Biofilms – or communities of bacteria that adhere to surfaces – contribute to about 80% of all human infections. The concept of biofilms forming on medical implants is an emerging topic that has implications for a range of surgical procedures, as infections are a primary reason that breast implants are removed.
Biofilms can develop on breast implants and may require that the implants be removed.
Biofilms on breast implants may lead to infections and other more serious conditions.
Research has revealed several ways to prevent the formation of biofilms on breast implants.
Though breast implantation surgery is thought to be generally safe, potentially harmful biofilms have been detected on implantable materials and may lead to infections. Bacteria known as gram-positive bacteria are the most common culprits for these infections. As breast implants are one of the most popular types of implants, there is growing interest in clarifying the relationship between breast implants and the development and consequences of biofilms.
It has become clear that biofilms become problematic for implants through a process. First, they attach to the implant surface. They then mature and grow on that surface. Finally, they disperse into the environment, which enables them to continue to thrive and transmit disease.
Infection may cause long-term effects
When the body recognizes the presence of foreign microbial biofilms, the immune system responds, attempting to eliminate the potential threat. Persistent inflammation often results in the surrounding tissue. Unfortunately, antibiotics, which are frequently used to combat microbial infections, cannot access the biofilms on breast implants because the bacteria are trapped.
In addition to the short-term threats posed by infection, research also suggests that the infections that result from biofilms on breast implants may have long-term adverse health consequences. For example, the identification of bacterial biofilm in breast-implant-associated anaplastic large-cell lymphoma (ALCL) points to the possibility that infections caused by these biofilms could lead to this form of lymphoma.
Biofilms lead to further surgeries
Biofilms are also implicated in the most frequently discussed complication that occurs with breast implants – known as capsular contracture. When capsular contracture occurs, the collagen capsule that forms around the breast implant tightens. In addition to potentially causing pain, this tightening can also distort the shape of the breast.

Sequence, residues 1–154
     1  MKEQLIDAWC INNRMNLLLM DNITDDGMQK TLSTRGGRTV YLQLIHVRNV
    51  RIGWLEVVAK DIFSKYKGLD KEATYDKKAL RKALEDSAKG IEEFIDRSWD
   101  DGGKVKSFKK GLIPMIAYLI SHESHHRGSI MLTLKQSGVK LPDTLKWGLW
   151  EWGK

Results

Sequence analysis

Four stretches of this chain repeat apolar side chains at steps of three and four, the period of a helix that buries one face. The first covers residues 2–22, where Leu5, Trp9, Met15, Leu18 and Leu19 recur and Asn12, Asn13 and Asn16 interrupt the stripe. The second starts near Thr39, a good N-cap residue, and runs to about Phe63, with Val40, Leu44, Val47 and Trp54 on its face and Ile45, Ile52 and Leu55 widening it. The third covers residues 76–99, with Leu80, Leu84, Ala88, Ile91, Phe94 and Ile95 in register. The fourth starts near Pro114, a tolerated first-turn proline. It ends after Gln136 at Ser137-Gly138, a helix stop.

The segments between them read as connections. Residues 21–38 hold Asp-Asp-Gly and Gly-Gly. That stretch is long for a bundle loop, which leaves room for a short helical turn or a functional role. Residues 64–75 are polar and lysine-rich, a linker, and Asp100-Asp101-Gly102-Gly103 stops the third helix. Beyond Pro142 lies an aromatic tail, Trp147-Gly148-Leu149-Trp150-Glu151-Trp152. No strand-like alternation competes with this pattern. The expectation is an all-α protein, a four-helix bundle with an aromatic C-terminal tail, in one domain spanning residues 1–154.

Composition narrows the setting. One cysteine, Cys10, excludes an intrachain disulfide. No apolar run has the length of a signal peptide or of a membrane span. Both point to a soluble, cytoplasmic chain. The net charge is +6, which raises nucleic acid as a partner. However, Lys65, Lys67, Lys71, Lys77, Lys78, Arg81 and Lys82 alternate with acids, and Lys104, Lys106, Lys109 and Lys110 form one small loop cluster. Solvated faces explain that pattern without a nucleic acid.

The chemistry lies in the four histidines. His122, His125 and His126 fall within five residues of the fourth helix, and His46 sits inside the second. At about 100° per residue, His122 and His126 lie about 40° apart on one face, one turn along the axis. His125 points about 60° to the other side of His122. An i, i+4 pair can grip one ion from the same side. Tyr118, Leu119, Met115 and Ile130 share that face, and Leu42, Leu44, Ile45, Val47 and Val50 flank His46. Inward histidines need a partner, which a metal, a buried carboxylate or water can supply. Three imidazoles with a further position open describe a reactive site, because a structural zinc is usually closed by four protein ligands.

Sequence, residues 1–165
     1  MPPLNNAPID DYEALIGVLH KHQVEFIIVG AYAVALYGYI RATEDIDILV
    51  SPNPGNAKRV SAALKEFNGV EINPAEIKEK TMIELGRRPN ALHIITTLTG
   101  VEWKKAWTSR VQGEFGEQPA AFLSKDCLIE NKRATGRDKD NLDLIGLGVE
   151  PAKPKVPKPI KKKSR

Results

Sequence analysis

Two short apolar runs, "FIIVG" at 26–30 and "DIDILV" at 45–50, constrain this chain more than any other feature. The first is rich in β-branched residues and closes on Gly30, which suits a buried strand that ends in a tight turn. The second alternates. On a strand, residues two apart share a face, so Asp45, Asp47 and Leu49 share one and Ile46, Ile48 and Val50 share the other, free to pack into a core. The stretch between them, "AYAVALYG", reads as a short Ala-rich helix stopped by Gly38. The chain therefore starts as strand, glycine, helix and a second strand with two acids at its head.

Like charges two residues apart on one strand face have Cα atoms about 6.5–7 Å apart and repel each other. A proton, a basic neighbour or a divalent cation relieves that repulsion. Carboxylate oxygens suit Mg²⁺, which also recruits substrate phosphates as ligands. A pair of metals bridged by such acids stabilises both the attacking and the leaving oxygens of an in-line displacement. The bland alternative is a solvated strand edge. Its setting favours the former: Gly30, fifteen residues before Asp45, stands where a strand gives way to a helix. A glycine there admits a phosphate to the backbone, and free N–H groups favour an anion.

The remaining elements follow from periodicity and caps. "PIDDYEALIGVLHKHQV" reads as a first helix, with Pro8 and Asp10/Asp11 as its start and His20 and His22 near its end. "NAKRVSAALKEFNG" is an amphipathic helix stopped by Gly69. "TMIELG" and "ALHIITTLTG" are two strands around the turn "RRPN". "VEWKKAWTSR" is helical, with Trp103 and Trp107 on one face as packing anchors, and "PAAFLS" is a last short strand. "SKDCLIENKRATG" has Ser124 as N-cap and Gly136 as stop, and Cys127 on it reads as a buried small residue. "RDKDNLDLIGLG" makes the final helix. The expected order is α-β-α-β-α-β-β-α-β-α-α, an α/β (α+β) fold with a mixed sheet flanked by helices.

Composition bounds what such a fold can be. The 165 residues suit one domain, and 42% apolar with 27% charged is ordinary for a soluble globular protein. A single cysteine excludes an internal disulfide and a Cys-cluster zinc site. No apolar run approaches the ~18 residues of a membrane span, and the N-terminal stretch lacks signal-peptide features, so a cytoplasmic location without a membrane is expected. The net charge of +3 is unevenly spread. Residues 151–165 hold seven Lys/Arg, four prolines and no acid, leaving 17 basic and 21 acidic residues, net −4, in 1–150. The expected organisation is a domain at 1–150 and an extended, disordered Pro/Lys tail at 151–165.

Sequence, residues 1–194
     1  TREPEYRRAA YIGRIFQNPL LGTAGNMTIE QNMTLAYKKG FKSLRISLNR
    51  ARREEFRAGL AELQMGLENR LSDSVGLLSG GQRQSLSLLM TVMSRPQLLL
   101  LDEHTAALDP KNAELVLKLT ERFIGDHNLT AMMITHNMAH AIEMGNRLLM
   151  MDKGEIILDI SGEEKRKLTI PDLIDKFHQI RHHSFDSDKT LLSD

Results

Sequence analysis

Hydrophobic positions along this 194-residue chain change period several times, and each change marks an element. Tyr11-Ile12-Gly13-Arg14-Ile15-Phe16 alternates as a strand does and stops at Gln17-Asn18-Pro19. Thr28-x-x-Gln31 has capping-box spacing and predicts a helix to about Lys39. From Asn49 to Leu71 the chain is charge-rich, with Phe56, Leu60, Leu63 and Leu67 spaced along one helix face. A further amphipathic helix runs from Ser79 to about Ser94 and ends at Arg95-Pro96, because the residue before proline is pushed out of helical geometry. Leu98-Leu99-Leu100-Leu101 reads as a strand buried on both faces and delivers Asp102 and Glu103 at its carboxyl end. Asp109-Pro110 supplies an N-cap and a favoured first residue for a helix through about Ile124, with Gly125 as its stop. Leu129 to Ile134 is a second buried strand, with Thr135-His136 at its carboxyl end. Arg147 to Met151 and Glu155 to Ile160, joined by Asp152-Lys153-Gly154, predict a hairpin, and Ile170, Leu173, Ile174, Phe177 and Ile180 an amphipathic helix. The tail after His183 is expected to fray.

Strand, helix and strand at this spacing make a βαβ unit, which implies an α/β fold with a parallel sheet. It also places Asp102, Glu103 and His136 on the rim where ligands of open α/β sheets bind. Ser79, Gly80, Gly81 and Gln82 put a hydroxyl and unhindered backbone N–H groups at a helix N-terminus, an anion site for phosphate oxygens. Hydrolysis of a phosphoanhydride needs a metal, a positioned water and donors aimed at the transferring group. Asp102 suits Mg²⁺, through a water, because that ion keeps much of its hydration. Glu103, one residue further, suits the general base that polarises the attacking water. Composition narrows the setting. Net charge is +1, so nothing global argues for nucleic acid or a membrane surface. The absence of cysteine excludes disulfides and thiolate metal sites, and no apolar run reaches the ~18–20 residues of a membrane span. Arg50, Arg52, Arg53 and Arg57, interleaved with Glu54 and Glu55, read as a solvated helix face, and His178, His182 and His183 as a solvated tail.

The frequency and consequences of capsular contracture have made it the leading reason for breast surgery revision, where people undergo additional procedures to mitigate complications resulting from the initial one. The incidence of capsular contracture is unclear, with estimates ranging from 5% to 74% of breast reconstructive surgeries. It has been reported that surgeons diagnose roughly 45,000 capsular contractures each year.
Though the causes for contractures are multifactorial, bacterial biofilms are known to play an important role. It is thought that the inflammation that occurs in response to biofilms leads to thickening and scarring around the capsule – and eventually, contracture.
How to prevent biofilm formation
Because of the futility of antibiotics and the frequent need for surgical intervention when biofilms arise on breast implants, prevention is considered the best approach. Fortunately, research into how to address the potential for microbial biofilms on breast implants has shown that biofilms can be prevented.
There are several strategies that both manufacturers and surgeons can use to reduce the risk of biofilm formation on breast implants. For example, implants coated with the right type of antimicrobial agent have also been shown to reduce the risk of biofilm formation. Some experts also argue for the use of betadine, and nipple shields have been shown to reduce the incidence of capsular contracture.
Using certain implant materials can also help. In certain breast implant surgeries, textured implants are better than implants with smooth surfaces at preventing bacteria from adhering to the implants, which hinders the ability of biofilms to form. The greater surface area of textured implants compared to smooth implants is thought to contribute to the reduction in the risk of biofilm formation.
The potential threat of the presence of biofilms on breast implants – and other implantable devices – has become increasingly clear. Luckily, research is helping to explain the specific threats and how they arise so that the medical community can more effectively manage the threat through prevention.
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